Once the use of electric vehicles takes off, intelligent solutions will be required to be able to meet demand. Various projects are focusing on the optimal and controlled use of the existing power grid and on the use of types of energy outside that grid.
This report identifies obstacles to the development of smart charging of electric vehicles and it provides an overview of ways to eliminate bottlenecks. It’s an instrument market and policy makers can use to put specific ideas into practice, to accelerate the development of smart charging.
The aim of this project is finding a more sustainable and cheaper way to charge an EV. Software was developed that is able to pool electricity demand of EVs and can activate flexible load in case of grid emergency or at times of high electricity demand.
Regional smart grid at the High Tech Campus Eindhoven (business area) with EVs and charging points. HTC contains an open smart charging protocol, with a 24 hours forecast of available cable capacity.
A framework designed for trading flexibility of electrical equipment by an electricity generator. Electricity stored by EVs is essential to this framework.
A stress test proves the necessity of smart charging solutions. Demand and supply of electricity for charging EVs is managed by PowerMatcher. EV drivers feed their preferences (like start and end charging time) into an app. Charging capacity is then spread over available charging time.
Electricity generated from solar panels for individual house holds is being stored by an electric vehicle. This way, EVs are being used to charge and decharge, avoiding an overload on the electricity grid.
Electric vehicles can improve the quality of life in metropolitan areas, and flexible charging can support the transition to solar and wind energy. Charging needs to be planned in periods with a lot of sun and wind, when electricity prices are low. Furthermore, batteries need to be sufficiently charged within a short amount of time. However, exactly how much energy can be generated using sun and wind depends on the weather, and the level of charging flexibility depends on the drivers. Recently-developed planning algorithms can accommodate these kinds of uncertainties.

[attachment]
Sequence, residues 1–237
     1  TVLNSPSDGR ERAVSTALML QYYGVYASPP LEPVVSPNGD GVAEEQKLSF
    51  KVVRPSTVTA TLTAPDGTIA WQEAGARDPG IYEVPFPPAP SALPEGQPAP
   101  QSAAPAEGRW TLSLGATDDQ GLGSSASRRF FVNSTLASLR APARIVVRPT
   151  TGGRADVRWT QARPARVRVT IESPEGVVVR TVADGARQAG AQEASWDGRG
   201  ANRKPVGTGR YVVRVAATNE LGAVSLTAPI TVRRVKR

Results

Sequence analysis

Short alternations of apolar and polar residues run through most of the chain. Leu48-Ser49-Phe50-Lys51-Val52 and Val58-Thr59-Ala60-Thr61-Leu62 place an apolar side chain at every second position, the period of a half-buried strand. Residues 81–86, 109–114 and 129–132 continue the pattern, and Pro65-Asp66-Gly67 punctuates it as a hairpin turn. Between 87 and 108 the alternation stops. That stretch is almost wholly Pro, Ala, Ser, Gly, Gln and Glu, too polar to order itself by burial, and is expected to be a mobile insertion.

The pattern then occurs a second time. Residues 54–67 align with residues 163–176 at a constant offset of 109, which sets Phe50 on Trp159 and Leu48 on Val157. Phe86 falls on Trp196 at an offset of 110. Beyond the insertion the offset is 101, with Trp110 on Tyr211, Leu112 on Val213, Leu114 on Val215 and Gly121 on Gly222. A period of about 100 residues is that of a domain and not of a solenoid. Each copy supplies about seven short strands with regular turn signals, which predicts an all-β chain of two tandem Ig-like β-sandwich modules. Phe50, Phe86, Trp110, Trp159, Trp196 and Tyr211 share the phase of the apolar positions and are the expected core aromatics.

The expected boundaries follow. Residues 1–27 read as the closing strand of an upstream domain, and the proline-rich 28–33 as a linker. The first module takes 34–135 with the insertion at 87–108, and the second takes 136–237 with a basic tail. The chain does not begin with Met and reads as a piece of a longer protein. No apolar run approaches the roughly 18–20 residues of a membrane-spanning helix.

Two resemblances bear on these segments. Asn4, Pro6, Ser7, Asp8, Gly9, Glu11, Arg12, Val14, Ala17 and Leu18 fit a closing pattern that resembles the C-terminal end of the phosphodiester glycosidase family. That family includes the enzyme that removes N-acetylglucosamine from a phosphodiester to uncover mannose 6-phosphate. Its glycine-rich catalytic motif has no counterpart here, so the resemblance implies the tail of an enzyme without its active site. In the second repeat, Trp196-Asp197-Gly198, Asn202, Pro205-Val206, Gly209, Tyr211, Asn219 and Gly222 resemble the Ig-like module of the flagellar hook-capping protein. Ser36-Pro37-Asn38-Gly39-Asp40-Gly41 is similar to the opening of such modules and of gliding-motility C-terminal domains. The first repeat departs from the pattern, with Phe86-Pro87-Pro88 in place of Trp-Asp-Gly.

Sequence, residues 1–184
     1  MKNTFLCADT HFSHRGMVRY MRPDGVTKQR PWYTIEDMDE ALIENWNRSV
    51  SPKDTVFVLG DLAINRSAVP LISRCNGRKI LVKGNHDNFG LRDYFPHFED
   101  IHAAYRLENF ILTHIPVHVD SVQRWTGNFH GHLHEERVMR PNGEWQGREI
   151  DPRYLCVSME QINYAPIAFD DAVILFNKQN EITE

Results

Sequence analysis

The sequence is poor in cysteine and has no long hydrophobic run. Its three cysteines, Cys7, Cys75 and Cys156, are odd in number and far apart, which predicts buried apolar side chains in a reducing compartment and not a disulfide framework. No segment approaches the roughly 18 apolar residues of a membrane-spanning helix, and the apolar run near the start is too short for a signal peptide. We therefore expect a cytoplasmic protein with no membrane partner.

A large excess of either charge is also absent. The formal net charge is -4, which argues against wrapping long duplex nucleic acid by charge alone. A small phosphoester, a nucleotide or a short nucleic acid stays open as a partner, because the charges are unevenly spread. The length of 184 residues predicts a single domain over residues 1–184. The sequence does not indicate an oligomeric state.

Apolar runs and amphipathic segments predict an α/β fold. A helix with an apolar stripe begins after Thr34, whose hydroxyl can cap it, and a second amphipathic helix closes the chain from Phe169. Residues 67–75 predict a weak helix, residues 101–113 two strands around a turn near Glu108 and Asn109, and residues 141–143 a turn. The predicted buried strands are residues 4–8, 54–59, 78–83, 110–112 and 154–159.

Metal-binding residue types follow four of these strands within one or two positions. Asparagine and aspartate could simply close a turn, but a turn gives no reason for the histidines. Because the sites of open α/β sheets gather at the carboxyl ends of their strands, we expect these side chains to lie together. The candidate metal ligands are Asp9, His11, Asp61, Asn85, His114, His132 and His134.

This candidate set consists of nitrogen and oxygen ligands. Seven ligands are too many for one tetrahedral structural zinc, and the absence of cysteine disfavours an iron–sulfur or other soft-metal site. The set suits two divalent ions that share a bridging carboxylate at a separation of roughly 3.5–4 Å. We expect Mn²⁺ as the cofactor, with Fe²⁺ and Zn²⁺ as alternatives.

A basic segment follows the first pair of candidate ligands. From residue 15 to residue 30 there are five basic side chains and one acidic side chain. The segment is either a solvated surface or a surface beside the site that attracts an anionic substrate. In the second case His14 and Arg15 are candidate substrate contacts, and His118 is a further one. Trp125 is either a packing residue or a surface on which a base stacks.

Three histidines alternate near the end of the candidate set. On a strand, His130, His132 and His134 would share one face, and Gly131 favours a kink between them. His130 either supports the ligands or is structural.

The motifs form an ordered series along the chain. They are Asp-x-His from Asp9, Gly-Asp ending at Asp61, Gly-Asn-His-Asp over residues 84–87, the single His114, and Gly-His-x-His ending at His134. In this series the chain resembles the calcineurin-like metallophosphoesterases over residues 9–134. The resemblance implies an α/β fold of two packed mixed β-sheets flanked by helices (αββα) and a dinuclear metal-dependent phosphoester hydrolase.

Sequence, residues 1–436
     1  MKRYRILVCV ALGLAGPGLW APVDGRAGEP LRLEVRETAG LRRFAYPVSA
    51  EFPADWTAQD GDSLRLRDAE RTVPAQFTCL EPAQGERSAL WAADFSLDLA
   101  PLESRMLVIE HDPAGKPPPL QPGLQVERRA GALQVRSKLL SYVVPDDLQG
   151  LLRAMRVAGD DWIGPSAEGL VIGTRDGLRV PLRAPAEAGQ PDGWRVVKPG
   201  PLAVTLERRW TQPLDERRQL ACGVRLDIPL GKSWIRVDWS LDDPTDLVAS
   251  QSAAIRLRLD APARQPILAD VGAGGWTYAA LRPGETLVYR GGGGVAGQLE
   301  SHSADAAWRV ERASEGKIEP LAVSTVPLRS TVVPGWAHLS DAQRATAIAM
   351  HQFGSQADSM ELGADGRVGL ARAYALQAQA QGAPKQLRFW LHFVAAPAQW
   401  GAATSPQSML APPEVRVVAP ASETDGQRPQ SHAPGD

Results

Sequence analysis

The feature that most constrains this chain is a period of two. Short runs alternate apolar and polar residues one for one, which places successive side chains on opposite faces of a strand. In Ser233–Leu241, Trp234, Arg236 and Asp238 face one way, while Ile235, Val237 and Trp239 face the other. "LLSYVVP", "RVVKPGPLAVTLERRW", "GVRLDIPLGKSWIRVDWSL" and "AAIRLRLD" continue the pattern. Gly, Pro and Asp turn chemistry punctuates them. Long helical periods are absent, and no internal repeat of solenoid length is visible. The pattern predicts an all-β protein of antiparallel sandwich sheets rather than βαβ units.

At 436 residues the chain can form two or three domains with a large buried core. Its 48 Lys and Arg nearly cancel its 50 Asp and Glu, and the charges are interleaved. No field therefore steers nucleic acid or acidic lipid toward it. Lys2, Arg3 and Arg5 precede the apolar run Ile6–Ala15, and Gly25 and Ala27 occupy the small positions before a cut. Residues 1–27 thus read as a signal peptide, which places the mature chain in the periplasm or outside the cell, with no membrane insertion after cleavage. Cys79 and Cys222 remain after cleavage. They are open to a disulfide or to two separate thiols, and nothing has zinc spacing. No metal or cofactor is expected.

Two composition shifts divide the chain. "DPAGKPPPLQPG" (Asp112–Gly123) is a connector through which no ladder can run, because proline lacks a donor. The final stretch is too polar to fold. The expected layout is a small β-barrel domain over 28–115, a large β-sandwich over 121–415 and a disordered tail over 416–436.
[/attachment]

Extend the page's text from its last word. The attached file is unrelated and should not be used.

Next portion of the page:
Electric car sharing provides plenty of benefits for the urban area.The increasing number of free floating electric car sharing (FFECS), shared vehicles that can be picked up and left everywhere in the city borders, results in a new group with their own charging behaviour. This research focussed on a FFECS system in Amsterdam. Based on over 1,5 million observations, parking patterns and charging patterns were mapped.
An overview of 18 Vehicle-to-Grid projects, by the department of Urban Technology at the Amsterdam University of Applied Sciences. All projects were executed in collaboration with various research partners.
Market parties, government and research institutes collaborated in developing charging infrastructure guidelines. Data were used from the cities of The Hague, Amsterdam and urban areas in the Gelderland province.